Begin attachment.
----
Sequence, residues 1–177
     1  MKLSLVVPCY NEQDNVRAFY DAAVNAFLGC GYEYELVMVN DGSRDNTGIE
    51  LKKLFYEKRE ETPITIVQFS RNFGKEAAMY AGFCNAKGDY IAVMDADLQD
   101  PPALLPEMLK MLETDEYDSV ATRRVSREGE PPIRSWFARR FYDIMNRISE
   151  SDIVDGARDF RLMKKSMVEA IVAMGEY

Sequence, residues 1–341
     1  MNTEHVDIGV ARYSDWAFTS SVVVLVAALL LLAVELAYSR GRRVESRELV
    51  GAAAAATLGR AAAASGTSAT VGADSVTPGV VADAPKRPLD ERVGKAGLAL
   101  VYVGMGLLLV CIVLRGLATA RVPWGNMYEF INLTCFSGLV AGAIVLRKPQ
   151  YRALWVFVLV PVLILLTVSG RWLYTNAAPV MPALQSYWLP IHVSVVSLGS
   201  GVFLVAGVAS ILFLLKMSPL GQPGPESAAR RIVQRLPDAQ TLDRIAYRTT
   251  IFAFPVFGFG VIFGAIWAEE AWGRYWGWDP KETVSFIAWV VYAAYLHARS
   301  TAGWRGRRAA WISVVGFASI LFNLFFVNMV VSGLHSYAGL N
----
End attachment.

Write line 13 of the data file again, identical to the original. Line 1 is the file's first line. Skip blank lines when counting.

   301  TAGWRGRRAA WISVVGFASI LFNLFFVNMV VSGLHSYAGL N